Charles L. Bardes

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As the teaching activities of medical school faculty are given greater emphasis, medical schools must find a way to recognize and reward excellence in teaching. In order to properly evaluate teaching, the authors developed an instrument for measuring the various teaching activities of their faculty. The Relative Value Scale in Teaching weights all teaching(More)
A patient consults an orthopedist because of knee pain. The surgeon determines that no operation is indicated and refers her to a rheumatologist, who finds no systemic inflammatory disease and refers her to a physiatrist, who sends her to a physical therapist, who administers the actual treatment. Each clinician has executed his or her craft with impeccable(More)
CONTEXT Clinical diagnosis involves the observation, description, and interpretation of visual information. These skills are also the special province of the visual arts. We describe an educational collaboration between a medical school and an art museum, designed for the purpose of developing student skills in observation, description, and interpretation.(More)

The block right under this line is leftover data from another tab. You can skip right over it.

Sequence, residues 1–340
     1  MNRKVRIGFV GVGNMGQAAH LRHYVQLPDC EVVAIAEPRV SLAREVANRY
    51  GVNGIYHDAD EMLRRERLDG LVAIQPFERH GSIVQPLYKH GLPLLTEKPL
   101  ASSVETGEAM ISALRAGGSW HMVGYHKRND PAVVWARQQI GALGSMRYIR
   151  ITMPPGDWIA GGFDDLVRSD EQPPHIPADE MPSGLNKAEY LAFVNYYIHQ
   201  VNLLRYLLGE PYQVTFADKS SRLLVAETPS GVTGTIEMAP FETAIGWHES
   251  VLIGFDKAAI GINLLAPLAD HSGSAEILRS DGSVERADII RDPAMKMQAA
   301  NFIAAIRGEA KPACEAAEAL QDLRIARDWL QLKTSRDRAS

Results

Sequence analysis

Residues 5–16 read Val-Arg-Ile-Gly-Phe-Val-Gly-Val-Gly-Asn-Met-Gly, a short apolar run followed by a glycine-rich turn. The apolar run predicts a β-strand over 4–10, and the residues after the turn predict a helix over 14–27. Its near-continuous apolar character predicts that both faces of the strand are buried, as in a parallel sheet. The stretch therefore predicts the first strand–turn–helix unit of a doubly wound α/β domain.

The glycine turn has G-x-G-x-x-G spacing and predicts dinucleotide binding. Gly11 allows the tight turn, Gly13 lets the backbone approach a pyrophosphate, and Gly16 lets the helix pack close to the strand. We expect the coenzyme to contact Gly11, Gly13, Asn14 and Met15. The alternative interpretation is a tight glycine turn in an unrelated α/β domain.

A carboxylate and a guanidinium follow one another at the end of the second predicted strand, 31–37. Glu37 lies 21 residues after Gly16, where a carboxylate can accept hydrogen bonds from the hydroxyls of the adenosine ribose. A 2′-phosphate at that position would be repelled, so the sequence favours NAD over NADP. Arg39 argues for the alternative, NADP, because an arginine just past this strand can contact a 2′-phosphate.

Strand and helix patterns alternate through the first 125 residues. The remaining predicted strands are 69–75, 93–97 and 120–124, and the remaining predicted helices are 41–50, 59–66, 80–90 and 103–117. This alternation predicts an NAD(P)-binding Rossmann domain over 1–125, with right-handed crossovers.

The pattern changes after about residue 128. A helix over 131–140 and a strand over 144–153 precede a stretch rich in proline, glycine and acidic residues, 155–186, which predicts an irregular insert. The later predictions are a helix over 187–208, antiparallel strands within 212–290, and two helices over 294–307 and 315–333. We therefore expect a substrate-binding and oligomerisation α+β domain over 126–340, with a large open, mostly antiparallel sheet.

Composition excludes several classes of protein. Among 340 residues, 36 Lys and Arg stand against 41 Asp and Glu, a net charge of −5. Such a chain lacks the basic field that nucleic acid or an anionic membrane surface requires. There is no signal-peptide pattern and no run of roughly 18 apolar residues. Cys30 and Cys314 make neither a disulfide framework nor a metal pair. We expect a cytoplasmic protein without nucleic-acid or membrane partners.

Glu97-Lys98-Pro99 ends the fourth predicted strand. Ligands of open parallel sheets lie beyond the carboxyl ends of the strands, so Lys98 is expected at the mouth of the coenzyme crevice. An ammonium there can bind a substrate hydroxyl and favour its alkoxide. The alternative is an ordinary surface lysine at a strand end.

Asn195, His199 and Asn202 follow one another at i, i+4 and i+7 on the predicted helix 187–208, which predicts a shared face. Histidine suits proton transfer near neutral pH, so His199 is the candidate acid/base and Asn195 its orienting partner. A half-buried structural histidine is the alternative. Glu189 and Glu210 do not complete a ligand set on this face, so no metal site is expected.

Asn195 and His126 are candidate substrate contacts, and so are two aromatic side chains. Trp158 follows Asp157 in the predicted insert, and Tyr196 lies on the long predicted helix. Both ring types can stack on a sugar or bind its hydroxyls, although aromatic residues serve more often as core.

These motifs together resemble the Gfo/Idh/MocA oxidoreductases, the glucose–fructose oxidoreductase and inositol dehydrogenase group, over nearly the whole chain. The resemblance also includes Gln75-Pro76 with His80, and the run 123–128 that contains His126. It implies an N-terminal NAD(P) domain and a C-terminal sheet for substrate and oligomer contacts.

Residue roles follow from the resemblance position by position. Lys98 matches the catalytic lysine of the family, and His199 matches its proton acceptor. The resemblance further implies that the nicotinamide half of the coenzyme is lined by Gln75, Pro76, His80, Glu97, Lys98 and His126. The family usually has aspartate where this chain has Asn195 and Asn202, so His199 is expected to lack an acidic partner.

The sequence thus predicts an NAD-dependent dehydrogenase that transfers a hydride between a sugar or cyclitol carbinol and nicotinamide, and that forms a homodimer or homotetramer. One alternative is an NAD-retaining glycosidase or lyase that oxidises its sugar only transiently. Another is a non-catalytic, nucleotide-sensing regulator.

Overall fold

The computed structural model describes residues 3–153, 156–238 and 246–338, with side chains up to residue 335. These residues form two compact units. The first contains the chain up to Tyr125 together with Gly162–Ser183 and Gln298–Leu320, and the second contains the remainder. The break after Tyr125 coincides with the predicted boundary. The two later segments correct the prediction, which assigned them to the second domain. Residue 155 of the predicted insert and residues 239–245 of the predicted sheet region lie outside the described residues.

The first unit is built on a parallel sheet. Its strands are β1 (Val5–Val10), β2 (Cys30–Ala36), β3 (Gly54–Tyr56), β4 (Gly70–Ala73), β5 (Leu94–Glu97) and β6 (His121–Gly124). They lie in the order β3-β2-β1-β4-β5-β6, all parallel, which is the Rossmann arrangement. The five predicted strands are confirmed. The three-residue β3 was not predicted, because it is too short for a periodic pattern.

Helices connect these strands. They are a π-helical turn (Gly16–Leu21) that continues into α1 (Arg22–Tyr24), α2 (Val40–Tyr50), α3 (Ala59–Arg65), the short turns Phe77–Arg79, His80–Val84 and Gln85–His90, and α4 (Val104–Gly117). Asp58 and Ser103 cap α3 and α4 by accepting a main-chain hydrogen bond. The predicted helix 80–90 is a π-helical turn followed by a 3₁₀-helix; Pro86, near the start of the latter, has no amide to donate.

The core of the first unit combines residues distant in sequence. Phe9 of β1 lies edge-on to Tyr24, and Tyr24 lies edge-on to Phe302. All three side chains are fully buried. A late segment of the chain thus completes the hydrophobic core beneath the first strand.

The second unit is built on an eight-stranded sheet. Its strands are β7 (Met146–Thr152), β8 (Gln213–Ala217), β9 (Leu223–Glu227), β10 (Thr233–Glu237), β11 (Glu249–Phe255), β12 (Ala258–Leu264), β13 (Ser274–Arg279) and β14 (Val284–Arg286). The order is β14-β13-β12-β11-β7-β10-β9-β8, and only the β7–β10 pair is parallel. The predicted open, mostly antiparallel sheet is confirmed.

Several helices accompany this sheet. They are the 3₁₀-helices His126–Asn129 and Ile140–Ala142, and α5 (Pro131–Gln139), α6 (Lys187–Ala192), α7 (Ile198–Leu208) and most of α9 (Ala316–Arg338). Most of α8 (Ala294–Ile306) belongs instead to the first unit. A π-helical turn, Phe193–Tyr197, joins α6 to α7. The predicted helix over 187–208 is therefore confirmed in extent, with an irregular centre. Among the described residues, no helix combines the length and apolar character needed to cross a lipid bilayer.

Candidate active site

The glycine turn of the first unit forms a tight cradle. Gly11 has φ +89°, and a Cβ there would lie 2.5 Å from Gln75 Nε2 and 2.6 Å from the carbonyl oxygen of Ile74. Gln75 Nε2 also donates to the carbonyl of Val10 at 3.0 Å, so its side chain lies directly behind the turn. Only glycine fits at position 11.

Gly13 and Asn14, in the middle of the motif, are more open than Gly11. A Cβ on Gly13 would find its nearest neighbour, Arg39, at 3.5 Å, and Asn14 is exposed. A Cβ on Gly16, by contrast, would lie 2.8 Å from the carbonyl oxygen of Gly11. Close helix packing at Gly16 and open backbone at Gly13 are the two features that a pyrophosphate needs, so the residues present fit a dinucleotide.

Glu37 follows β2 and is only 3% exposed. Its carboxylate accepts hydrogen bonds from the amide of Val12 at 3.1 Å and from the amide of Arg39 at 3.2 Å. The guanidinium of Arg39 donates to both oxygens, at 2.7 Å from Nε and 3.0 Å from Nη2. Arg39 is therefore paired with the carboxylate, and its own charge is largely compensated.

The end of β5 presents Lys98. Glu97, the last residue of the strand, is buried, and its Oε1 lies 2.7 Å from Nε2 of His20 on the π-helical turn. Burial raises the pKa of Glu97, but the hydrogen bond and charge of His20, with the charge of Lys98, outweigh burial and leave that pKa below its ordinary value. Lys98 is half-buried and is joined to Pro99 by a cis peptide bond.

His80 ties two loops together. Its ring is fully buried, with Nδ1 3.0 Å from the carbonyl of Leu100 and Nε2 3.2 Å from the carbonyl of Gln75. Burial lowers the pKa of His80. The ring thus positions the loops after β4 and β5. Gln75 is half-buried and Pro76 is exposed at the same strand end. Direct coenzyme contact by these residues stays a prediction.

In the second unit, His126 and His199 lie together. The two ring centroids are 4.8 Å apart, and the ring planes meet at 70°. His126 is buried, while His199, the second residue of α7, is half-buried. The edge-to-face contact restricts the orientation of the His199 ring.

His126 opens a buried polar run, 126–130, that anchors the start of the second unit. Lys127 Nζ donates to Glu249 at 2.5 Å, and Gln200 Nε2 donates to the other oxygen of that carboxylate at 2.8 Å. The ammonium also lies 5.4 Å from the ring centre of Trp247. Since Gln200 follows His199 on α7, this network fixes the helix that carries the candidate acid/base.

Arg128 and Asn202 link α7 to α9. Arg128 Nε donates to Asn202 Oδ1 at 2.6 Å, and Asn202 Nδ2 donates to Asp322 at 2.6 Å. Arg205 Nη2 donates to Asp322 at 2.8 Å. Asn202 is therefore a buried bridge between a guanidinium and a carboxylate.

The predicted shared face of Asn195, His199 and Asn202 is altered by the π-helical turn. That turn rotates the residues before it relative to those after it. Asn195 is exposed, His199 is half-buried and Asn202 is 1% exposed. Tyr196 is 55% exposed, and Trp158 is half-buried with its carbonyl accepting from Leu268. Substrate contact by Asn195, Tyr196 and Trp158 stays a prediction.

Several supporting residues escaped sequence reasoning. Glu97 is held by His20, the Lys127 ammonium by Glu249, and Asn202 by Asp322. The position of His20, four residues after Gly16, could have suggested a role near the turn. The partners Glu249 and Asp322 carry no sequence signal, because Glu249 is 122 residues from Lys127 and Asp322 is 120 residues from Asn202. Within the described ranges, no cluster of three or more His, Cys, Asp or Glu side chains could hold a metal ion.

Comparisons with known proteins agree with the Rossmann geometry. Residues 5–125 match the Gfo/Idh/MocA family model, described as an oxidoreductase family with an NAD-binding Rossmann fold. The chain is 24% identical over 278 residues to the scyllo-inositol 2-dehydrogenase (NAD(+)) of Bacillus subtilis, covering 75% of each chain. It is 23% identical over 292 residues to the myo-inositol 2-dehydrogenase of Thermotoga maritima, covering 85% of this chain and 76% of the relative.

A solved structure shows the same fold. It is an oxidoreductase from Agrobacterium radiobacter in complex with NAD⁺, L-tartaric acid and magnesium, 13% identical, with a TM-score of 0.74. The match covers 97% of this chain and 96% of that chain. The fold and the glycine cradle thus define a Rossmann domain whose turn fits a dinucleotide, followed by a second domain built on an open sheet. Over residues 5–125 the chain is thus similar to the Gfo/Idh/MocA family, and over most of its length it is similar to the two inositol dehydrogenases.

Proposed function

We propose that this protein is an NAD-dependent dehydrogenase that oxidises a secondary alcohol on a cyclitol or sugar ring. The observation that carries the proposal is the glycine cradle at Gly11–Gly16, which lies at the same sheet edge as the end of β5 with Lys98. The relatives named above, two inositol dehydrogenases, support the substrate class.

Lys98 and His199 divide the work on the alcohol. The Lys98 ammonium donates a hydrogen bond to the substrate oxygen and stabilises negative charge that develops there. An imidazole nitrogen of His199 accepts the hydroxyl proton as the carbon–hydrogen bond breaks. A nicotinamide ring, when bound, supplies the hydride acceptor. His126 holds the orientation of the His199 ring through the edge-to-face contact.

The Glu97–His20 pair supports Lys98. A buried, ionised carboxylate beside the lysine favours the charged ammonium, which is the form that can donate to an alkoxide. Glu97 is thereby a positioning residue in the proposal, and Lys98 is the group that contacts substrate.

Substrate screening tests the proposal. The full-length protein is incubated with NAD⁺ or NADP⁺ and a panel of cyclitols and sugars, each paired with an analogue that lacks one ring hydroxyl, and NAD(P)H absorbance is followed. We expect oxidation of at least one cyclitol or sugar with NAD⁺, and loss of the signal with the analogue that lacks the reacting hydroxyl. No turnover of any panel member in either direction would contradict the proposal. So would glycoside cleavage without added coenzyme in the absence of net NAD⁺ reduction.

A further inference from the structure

PURPOSE To test whether global ratings of checklists are a viable alternative to global ratings of actual clinical performance for use as a criterion for standardized-patient (SP) assessment. METHOD Five faculty physicians independently observed and rated videotaped performances of 44 medical students on the seven SP cases that comprise the fourth-year(More)
PURPOSE To test the criterion validity of existing standardized-patient (SP)-examination scores using global ratings by a panel of faculty-physician observers as the gold-standard criterion; to determine whether such ratings can provide a reliable gold-standard criterion to be used for validity-related research; and to encourage the use of these(More)
Standard ED-2 of the Liaison Committee on Medical Education (LCME) requires medical schools to specify the types of patients that students should encounter, the student's level of responsibility, and the appropriate setting for the encounter. The authors describe the process at Joan and Sanford I. Weill Medical College of Cornell University in New York City(More)
Medical schools use a variety of criteria in selecting applicants for admission, attempting to assess both the academic preparation and the personal characteristics suitable for a career in medicine. While assessing academic preparation is fairly straightforward, assessing applicants' personal characteristics is difficult and controversial. The possibility(More)